Giro d’Italia Rest Day Wrap: Who will be in the pink after the team time trial
  January 20, 2021 Login  

Current Articles    |   Archives    |   RSS Feeds    |   Search

Tuesday, May 8, 2012

Giro d’Italia Rest Day Wrap: Who will be in the pink after the team time trial

by Ben Atkins at 4:19 PM EST   comments
Categories: Pro Cycling, Giro d'Italia
As the race arrives in Italy we look ahead to the overall contenders first big battle

taylor phinneyThe Giro has hit Italian soil after its three-day sabbatical in Denmark, and will re-start on Wednesday with a 33.2km team time trial in Shakespeare’s city of lovers, Verona. For most riders, this will be where the race really starts.

Thankfully, despite the spectacular crashes at the end of both Danish road stages, none of the overall contenders has been affected, and all of them will roll down the ramp in Verona on a more or less even footing. Only the time that they gained on, or lost to, each other in Saturday’s opening 8.7km time trial in Herning.

The most immediate question to be answered is the destination of the maglia rosa after Wednesday’s team time trial; which team will win the stage, and will anybody be able to unseat BMC Racing’s incumbent Taylor Phinney?

Certainly Phinney himself would ordinarily provide much of the red and black team’s horsepower but - after being one of those worst affected by Monday’s big crash - after which the 21-year-old American had to undergo several x-rays to rule out a fractured ankle - his own contribution will likely be a little less than usual.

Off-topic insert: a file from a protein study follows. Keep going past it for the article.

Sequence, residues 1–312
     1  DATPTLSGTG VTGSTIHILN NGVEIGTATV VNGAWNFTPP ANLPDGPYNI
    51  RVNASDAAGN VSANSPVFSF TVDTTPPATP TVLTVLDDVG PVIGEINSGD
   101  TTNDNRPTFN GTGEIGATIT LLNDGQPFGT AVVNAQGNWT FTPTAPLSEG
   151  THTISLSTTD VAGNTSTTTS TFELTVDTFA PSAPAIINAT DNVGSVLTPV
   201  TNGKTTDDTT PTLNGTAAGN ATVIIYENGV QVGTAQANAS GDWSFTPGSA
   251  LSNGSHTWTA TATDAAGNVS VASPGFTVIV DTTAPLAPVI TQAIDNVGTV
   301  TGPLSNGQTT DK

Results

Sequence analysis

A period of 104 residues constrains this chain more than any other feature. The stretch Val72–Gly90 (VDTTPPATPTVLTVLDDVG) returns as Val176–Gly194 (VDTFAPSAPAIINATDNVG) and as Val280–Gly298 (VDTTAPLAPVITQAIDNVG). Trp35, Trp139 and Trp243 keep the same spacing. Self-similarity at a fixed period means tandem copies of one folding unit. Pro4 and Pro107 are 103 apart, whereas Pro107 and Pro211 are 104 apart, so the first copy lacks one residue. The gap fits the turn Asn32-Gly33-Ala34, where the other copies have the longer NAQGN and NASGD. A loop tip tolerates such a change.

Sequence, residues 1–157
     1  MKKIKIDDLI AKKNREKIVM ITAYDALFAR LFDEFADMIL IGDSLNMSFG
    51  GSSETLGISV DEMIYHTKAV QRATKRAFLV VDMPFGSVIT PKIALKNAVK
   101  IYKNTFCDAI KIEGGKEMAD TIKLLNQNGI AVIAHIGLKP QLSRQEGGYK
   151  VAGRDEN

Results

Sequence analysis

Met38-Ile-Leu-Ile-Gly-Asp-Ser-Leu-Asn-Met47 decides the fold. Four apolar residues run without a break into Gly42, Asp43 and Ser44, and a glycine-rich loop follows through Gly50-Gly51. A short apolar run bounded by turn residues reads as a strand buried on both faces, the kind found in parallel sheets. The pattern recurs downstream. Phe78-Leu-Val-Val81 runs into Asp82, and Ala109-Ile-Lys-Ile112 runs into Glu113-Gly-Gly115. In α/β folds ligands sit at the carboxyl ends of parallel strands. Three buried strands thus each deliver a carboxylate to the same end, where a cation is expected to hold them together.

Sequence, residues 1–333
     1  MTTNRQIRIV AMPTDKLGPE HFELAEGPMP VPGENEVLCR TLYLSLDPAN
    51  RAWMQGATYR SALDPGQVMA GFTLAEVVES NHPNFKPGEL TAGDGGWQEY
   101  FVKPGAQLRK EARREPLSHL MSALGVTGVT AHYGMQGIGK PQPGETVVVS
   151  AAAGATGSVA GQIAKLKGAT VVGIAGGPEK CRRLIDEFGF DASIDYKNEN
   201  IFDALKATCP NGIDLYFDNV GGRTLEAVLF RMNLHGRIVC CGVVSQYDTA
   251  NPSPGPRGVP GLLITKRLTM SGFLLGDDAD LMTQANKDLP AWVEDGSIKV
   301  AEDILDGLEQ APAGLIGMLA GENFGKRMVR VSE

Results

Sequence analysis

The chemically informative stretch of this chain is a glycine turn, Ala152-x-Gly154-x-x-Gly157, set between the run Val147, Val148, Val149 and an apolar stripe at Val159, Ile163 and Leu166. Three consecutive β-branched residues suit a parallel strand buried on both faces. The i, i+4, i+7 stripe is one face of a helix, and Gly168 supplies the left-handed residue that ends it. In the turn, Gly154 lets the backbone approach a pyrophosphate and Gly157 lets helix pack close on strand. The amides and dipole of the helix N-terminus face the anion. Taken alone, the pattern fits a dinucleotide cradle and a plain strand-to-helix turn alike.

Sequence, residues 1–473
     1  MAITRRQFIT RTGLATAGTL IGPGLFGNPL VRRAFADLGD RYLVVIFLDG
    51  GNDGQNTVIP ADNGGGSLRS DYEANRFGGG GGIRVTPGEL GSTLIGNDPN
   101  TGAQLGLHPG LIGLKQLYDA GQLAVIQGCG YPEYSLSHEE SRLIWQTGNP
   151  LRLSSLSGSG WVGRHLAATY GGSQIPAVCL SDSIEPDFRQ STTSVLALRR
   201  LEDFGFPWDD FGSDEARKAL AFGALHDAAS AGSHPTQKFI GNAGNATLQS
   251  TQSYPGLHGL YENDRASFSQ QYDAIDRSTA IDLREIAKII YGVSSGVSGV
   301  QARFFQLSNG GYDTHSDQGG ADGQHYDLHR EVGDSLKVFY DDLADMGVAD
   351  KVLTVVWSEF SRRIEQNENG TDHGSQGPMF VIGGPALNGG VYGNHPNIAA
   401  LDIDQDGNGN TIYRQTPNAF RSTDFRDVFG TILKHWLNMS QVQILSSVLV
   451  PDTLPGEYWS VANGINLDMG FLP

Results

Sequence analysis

BMC Racing will, instead, have to rely on the considerable powers of former national time trial champions Marco Pinotti and Thor Hushovd, and former World champion Alessandro Ballan; both for the immediate defence of Phinney’s position, and for Pinotti’s long term ambitions in the race.

At the head of the queue of those waiting to take pink from Phinney is Team Sky’s Geraint Thomas. The Welshman was in the virtual maglia rosa for less than two minutes on Saturday, before Phinney beat his time by nine seconds, and almost took it by default on Monday when it looked as though the American might have to withdraw from the race.

Thomas would have hated to take the jersey in such a fashion - and may well have followed the tradition of refusing to wear it out of respect for a fallen comrade - but would dearly love to take it on the road on Wednesday. The British team has form in the discipline, and took second in a similar distance stage in 2010 - albeit with a very different line up - but, like BMC Racing, it has a crash-damaged rider to nurse around in the form of World champion Mark Cavendish.

It’s possible that, if Sky is going well but Cavendish isn’t, that the team will abandon the World champion - with a rider or two to make sure he makes it inside the time limit - and press on to try to put Thomas in pink.

Garmin-Barracuda is the big favourite for the stage however, and looks set to put Dane Alex Rasmussen in pink two days after the race left his home country. The American team placed five riders in the top ten on Saturday and, while individual strength does not necessarily equal team speed, the Argyle Armada is a specialist in the event, winning the equivalent stage in last year’s Tour de France.

Rasmussen sits 13 seconds behind Phinney, and just four behind Thomas, which could disappear in a flash over 33.2km.